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To think its a no brainer to renationalise British Steel

(232 Posts)
feellikeahugefailure Thu 31-Mar-16 08:12:27

We need steel, it's just being killed by cheap dumping. Would be foolish to let it go under and not produce any steel in the country.

Also the mistakes with remploy show that it will probably cost more in benefits if the business close. Not to mention more long term affects on mental health from people that can't ever get back into work.

Would decimate the local area, not just the workers but the knock on affect of the workers not spending their money in the local area. One pound earnt could be spent 10 times.

AuntieStella Thu 31-Mar-16 08:18:56

Re-nationalisation is not the only possibility for saving it, so no I don't think it's a 'no brainer'

One option under active consideration is a government-supported buyout by either workers or management, and that would have the same outcome of saving the plant.

The big stumbling block on any rescue plan could be EU rules, and so this whole sorry situation may well become a feature of the Brexit debate.

feellikeahugefailure Thu 31-Mar-16 08:22:26

Ok sorry I should of been more generic with my title, some kind of government support ASAP is a no brainer.

The EU is party to blame for this in not stopping the cheap dumping and the energy tariffs.

monkeysox Thu 31-Mar-16 08:29:35

They've already devastated teesside due to inaction. There are huge sites which need to be decontaminated at massive expense.

Fracking on the biggest site has been mentioned.
Horrific situation. So many people still without jobs six months later sad

monkeysox Thu 31-Mar-16 08:31:00

Oh and yes we do need steel.

If there was ever a war or another situation which prevented imports the supplies would be cut off.

WhattaMunter Thu 31-Mar-16 08:42:14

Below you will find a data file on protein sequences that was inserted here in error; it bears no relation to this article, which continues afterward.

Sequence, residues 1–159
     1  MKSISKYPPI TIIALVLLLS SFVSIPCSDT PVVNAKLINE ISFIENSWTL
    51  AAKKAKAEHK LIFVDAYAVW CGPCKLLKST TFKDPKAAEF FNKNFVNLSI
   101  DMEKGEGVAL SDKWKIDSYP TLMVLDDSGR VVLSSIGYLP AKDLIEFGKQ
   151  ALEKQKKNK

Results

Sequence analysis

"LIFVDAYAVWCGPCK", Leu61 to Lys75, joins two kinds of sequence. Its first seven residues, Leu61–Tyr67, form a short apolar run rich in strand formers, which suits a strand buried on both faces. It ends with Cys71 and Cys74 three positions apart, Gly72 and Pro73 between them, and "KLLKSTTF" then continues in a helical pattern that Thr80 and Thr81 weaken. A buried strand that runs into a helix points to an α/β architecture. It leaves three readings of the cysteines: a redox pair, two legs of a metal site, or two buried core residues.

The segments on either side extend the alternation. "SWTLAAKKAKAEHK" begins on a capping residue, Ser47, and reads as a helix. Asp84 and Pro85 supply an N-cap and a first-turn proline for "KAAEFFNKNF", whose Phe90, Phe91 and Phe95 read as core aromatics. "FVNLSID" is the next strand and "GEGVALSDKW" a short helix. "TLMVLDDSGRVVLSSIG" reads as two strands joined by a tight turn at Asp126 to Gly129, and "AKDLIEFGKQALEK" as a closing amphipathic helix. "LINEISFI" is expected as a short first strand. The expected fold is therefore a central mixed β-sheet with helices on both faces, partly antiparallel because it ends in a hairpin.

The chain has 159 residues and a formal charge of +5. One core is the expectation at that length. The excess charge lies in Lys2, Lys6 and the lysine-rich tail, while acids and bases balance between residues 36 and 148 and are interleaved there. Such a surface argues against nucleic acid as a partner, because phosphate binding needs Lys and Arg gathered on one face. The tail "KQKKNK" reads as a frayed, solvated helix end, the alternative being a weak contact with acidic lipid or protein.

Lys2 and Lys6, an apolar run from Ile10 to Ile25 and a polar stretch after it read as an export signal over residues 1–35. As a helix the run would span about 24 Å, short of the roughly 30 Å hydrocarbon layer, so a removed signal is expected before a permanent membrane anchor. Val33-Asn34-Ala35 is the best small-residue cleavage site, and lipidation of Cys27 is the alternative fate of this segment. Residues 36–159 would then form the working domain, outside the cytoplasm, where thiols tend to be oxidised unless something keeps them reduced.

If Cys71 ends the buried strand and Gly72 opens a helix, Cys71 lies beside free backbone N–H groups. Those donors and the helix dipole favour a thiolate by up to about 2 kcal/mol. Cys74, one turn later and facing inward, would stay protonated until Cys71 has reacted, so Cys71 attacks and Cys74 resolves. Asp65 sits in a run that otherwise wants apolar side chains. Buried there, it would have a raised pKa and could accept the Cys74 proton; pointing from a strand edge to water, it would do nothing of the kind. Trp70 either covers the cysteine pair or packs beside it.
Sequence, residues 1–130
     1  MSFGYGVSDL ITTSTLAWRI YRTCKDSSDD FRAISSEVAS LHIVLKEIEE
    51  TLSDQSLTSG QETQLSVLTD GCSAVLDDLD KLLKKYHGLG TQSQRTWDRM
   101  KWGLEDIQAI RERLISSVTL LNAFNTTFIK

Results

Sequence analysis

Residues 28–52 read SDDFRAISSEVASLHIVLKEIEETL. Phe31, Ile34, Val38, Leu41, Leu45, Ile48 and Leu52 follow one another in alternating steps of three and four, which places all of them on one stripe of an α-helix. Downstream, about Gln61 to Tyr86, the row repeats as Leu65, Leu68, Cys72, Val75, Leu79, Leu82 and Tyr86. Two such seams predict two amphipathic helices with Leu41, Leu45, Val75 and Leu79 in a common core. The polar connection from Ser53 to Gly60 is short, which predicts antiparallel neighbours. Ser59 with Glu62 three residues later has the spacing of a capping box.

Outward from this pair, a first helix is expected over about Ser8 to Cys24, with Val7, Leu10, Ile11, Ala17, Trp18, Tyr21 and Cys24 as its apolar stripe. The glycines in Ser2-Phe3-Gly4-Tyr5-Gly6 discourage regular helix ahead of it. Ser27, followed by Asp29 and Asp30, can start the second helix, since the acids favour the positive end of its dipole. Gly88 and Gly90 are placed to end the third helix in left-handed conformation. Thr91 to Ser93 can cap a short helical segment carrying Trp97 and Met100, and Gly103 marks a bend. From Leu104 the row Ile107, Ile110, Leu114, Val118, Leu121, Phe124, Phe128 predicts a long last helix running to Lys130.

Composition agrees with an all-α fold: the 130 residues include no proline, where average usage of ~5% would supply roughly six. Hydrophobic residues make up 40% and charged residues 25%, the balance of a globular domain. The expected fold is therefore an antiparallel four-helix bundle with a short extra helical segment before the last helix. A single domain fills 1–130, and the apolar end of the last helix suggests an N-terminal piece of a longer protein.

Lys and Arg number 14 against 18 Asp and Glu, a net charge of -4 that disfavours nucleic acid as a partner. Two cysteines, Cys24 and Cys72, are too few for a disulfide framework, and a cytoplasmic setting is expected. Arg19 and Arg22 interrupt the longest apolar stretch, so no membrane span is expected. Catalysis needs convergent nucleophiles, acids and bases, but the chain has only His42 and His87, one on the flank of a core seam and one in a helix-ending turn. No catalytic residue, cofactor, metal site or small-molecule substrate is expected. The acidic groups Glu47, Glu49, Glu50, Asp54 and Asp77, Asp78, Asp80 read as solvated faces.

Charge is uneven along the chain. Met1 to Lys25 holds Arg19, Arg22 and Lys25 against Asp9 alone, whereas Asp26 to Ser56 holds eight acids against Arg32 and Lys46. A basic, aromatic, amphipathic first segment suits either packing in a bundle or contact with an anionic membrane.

When news reports state that China is dumping it's cheap steel at low prices and that the market is being flooded with cheap steel, does this also affect quality?

peggyundercrackers Thu 31-Mar-16 09:11:17

Yes something should be done to remedy the situation - I'm not sure renationalising the industry is the answer though. We should do what other Eu countries do and charge a premium for importing Chinese steel.

I don't think a management buy out is the way to go if the business is loosing money already.

LyingWitchInTheWardrobe Thu 31-Mar-16 09:18:19

Agree with you OP, the metal market is slightly picking up but steel prices are hovering above the floor and alu is nowhere near what it was.

We need to stop being so reliant on other countries and bring our own industries back, we really do.

mummymeister Thu 31-Mar-16 09:36:57

renationalising is not the answer. neither is subsidising the losses of PT alone which stand at £1,000,000 each and every day.

Punitive tariffs on the Chinese imports first step, money to modernise the plant from the govt next, then re-sell it.

This is every govts fault since the 1970's when we stopped investing in manufacturing and it was all about the service sector.

monkeysox Thu 31-Mar-16 09:52:55

Chinese, Thai and Indian steel quality is poor. As soon as we have no means to produce our own their prices will shoot up

Mistigri Thu 31-Mar-16 09:56:24

EU is party to blame for this in not stopping the cheap dumping and the energy tariffs.

The reason the EU has not imposed anti-dumping tariffs is because the UK vetoed this!!!!!!

ABetaDad1 Thu 31-Mar-16 10:03:20

A far better udea would be stop imposing stupid environmental costs on UK steel producers.UKelectric is expensive because the UK is part of the EU Emissions Trading System that imposes a cost of CO2 emitted by power stations that is lassed on in the price of electric.Oh and we justshut most of our coal power statio s just as world coal price collapsed so we cant take adva tage of that cheap fuel. China is nor that stupid.